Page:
How to Carry a Conversation with a Stranger

Let me preface with the notion that there are infinite ways to strike a conversation with strangers. The lighter the material, the more receptive people are. However, people come from different histories and backgrounds that alter their personalities and their social openness. It will be easier to speak with natural extroverts because introverts have a tendency to store information.

Assess the environment. Where are you at? Social environments tend to anchor conversational topics. If you’re at a bar, then strangers will be more receptive to speaking concerning more personal matters quickly. The receptivity heightens when you throw in any form of stimulant or depressants such as alcohol, drugs, etc.

Your opener. This can be as simple as, “Hello, I saw you from over there and you looked attractive so I had to get to know you. My name is ____.” Or in a non-romantic method, “Hello, I’m attempting to build my social skills. My name is ____.” As long as most people are not heavily invested in the activity that they are currently doing, then they will be willing to speak with you. You’ve introduced yourself and said your name. Now what? What material is there to talk about?

Build rapport. This is where your environment will have an impact on your topics. You don’t want to sound like you’re interviewing someone, we know. So how do we build rapport without sounding interrogative? Be inquisitive.

Lead with vulnerability, hope for response. Strangers are strangers meaning that, neither of you know anything about each other so opening up with personal information needs to be treated with respect and sensitivity. It’s easier to engage in a conversation by opening up and putting yourself in a place of vulnerability so that opposing party has the option to drop down to your level. Most likely, they will. Humans are empathetic beings; we love to share feelings and emotions.

Poor Examples

  1. What do you think about the upcoming election?
  2. What is the craziest thing you have ever done?
Good Examples
  1. I happened to catch a bit of the debate last night on TV. I can’t believe how intense it got. What are some of your thoughts of the election?
  2. Last year, I did some base jumping off the cliff of the Appalachians. What are some of the wildest adventures you’ve been on?

Once you’ve developed some rapport, listen. My single most intriguing thought is that when humans don’t know each other, they hate to open up. But once a hole is cracked, the floodgates surge in. People love to talk about themselves. Listen to your conversations for the rest of the day. Count the number of times you say “I” or “me”? How many sentences start with “you”? You’ll find that there is significantly more with “I” or “me” because we naturally are narcissistic.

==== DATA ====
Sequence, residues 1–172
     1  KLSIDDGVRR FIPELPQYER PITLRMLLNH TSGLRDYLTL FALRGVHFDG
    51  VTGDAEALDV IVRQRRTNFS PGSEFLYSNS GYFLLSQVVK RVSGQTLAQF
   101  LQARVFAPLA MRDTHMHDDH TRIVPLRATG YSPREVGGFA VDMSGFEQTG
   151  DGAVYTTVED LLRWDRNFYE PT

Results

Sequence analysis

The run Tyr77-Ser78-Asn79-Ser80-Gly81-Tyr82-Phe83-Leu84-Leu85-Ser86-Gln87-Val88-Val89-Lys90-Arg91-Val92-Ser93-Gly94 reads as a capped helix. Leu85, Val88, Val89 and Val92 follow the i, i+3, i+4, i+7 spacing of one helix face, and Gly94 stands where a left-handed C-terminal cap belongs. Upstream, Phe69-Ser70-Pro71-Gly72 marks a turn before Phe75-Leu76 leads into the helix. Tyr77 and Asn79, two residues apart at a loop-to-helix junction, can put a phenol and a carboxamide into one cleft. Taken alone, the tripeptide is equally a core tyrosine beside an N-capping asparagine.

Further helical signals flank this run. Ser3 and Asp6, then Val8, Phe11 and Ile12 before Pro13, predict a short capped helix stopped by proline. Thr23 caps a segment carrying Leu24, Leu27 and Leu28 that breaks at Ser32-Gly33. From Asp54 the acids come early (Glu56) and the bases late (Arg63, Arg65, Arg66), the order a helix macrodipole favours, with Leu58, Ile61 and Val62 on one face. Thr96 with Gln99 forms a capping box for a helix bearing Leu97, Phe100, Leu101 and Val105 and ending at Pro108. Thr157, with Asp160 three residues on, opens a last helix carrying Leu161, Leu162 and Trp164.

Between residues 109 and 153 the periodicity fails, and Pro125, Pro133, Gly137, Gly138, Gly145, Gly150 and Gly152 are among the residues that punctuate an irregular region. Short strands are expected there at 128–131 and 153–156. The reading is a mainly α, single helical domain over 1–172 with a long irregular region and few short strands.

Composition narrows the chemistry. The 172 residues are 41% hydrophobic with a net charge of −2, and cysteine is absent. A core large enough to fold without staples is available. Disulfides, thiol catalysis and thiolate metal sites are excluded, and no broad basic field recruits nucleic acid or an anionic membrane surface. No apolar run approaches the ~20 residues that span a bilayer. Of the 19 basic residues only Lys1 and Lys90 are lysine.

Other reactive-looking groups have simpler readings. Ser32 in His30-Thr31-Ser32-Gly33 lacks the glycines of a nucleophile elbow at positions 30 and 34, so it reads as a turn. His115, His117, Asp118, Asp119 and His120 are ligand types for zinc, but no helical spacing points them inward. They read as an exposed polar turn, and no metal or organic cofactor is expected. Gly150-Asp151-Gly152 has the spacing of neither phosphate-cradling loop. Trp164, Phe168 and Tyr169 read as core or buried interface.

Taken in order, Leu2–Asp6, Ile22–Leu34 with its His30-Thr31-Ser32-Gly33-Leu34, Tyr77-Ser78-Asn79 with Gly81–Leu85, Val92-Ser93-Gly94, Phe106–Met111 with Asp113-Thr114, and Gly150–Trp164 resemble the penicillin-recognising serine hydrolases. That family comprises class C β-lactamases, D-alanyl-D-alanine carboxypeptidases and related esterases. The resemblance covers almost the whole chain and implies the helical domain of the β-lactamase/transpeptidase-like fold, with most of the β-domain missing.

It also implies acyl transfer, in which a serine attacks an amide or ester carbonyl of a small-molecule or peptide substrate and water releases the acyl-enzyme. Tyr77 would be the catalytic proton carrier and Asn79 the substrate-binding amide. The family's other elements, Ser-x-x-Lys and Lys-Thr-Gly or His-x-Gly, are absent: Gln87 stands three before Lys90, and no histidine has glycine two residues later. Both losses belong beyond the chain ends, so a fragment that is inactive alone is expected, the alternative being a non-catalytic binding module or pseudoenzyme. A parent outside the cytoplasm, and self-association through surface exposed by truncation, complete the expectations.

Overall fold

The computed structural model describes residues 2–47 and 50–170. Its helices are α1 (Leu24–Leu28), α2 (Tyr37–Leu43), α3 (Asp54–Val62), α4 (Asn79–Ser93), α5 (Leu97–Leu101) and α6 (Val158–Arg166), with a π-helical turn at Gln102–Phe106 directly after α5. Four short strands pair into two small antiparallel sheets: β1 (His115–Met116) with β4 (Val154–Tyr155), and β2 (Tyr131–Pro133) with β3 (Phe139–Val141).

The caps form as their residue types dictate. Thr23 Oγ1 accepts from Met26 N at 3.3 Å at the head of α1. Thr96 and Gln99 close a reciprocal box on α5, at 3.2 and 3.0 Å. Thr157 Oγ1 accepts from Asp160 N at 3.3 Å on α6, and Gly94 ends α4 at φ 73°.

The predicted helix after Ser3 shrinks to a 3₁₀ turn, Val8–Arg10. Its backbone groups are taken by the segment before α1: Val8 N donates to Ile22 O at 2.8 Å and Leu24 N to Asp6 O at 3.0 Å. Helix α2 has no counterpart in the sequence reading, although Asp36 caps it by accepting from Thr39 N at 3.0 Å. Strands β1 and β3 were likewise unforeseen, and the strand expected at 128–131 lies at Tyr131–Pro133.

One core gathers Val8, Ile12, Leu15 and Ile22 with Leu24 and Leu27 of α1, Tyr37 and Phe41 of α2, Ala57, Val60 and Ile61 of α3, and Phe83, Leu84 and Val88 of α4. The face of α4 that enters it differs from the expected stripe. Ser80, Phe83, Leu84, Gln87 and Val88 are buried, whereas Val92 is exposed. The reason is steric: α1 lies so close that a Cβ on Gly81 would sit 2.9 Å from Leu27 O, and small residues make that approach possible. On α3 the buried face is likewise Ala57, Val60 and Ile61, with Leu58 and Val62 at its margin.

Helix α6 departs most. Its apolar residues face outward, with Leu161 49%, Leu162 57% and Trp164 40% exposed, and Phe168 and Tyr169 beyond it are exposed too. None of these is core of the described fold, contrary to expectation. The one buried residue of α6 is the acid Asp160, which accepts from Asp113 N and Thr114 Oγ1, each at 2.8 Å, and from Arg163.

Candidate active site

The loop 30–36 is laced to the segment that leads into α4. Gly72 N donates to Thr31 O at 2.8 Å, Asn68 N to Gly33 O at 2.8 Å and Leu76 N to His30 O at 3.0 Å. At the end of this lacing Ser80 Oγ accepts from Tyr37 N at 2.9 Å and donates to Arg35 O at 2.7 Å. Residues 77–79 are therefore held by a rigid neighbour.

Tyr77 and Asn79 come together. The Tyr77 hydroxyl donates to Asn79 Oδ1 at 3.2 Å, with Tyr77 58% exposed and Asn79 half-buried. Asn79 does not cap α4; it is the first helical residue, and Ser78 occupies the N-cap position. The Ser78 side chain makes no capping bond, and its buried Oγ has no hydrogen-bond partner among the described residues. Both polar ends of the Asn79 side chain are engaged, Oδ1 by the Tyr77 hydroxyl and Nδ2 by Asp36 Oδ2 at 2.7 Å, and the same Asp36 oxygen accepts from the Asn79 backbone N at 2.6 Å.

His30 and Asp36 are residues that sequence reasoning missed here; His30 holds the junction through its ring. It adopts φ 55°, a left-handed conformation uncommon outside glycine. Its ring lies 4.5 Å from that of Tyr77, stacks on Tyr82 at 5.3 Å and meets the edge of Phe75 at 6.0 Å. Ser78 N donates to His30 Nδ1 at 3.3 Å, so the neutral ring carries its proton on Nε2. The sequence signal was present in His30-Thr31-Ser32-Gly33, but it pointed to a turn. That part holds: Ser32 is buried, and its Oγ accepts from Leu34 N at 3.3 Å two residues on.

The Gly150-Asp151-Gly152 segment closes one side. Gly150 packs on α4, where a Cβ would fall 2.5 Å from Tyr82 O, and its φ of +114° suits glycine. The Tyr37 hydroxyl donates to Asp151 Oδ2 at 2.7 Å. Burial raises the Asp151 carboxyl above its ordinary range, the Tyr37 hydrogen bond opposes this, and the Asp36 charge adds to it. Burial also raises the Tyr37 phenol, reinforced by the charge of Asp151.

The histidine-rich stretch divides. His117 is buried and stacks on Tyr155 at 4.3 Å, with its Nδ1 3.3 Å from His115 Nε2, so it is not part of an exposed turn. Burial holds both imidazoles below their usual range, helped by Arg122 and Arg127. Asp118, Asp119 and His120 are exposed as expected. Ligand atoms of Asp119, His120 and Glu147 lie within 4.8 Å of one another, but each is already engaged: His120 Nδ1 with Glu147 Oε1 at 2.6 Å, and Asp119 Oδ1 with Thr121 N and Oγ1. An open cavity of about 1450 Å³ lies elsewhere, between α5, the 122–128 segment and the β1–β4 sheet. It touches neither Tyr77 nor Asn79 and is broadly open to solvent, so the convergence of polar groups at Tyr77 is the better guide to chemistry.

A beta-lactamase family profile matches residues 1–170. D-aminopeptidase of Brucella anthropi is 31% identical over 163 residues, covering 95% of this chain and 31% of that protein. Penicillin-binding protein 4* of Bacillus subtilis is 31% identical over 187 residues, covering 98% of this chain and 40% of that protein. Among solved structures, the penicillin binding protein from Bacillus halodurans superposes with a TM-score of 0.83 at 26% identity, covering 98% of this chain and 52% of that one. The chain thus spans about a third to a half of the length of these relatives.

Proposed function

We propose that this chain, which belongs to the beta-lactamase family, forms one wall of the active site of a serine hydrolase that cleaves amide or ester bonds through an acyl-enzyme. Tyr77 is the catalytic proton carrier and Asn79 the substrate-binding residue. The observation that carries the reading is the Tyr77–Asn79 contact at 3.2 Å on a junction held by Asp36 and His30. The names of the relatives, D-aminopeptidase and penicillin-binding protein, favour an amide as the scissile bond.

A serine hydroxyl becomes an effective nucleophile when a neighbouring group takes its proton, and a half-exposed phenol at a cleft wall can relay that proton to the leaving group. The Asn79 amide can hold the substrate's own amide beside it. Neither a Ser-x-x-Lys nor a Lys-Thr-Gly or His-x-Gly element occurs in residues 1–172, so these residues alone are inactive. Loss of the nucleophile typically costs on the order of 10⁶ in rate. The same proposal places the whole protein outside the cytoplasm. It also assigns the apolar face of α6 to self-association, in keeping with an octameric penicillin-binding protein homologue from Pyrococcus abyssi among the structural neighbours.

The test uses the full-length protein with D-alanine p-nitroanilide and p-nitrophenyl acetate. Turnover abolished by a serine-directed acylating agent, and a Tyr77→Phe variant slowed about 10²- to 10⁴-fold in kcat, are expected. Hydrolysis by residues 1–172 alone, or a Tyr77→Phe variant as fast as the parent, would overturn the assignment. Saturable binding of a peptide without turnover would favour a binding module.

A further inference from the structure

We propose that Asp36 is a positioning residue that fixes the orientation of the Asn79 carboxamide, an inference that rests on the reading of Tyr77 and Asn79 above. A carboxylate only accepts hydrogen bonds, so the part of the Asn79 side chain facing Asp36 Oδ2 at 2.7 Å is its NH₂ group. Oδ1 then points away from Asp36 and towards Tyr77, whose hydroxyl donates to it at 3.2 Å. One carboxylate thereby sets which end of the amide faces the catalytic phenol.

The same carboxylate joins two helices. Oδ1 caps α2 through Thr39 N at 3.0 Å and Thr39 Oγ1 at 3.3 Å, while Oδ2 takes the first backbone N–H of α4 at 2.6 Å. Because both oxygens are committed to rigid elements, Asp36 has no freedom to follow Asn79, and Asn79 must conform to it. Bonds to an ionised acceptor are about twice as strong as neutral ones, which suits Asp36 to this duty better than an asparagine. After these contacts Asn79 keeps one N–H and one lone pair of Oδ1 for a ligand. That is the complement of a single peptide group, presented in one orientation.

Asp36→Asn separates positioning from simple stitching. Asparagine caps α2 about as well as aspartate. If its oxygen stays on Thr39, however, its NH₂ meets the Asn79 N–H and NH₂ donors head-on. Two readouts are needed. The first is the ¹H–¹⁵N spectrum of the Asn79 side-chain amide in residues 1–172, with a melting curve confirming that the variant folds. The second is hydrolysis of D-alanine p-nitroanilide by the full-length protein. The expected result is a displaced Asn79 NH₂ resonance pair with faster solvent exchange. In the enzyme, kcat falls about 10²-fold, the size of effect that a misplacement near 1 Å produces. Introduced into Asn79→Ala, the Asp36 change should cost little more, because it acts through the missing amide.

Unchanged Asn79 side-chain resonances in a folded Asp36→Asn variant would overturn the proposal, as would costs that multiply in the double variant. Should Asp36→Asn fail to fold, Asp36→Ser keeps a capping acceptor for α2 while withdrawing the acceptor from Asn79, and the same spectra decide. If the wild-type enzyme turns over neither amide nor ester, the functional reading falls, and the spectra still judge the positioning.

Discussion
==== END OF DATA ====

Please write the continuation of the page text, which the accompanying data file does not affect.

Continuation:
Ask leading, open questions. Open questions father responses that are both personal and stimulating. Closed questions result in a yes or no.

Example Closed Questions

  1. Are you a student?
  2. Do you read books?
  3. What are you studying?

Example Open Questions

  1. What are you studying?
  2. What types of books intrigue you?
  3. How would you describe your studies?

Never assume a position. Especially in controversial topics. If you assume that someone carries the same views that you have, then you’re essentially shutting them out and holding a closed-mind. You invade on their right to hold an opinion and it will impose tension on their answer and strain the conversation so they’re led to answer in a certain manner.

Bad Examples

  1. Can you believe how stupid people are concerning KONY 2012?
  2. Isn’t it funny how vegetarians seem to think they’re healthier than the rest of the population?

Good Examples

  1. Can you believe how stupid people are concerning KONY 2012?
  2. I heard somewhere that vegetarians commonly carry the perception that they are healthier than others. What are you feelings towards vegetarianism?

Be descriptive and use sub-modalities.  Sub-modalities are representative divisions of our sensory platforms such as (for visual) brightness, degree of color (saturation), size, distance, sharpness, focus, and so on; (for auditorial) loudness, pitch, tonal range, distance, clarity, timbre, and so on. The more description you inject into the conversation, the better understanding and connectivity you maintain with your partner.

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